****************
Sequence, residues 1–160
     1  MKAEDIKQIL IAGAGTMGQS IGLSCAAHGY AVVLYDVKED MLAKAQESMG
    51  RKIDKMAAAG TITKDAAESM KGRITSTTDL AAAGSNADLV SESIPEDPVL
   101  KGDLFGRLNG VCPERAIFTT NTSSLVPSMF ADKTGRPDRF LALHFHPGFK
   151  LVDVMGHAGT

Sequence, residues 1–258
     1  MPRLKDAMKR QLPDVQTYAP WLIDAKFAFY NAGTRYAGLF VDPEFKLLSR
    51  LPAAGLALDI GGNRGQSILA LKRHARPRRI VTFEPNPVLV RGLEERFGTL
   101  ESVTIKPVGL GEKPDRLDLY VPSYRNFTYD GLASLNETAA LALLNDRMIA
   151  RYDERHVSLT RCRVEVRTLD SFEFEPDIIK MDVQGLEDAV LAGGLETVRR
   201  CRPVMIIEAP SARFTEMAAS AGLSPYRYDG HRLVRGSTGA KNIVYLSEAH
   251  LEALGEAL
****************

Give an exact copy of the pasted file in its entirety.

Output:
Sequence, residues 1–160
     1  MKAEDIKQIL IAGAGTMGQS IGLSCAAHGY AVVLYDVKED MLAKAQESMG
    51  RKIDKMAAAG TITKDAAESM KGRITSTTDL AAAGSNADLV SESIPEDPVL
   101  KGDLFGRLNG VCPERAIFTT NTSSLVPSMF ADKTGRPDRF LALHFHPGFK
   151  LVDVMGHAGT

Sequence, residues 1–258
     1  MPRLKDAMKR QLPDVQTYAP WLIDAKFAFY NAGTRYAGLF VDPEFKLLSR
    51  LPAAGLALDI GGNRGQSILA LKRHARPRRI VTFEPNPVLV RGLEERFGTL
   101  ESVTIKPVGL GEKPDRLDLY VPSYRNFTYD GLASLNETAA LALLNDRMIA
   151  RYDERHVSLT RCRVEVRTLD SFEFEPDIIK MDVQGLEDAV LAGGLETVRR
   201  CRPVMIIEAP SARFTEMAAS AGLSPYRYDG HRLVRGSTGA KNIVYLSEAH
   251  LEALGEAL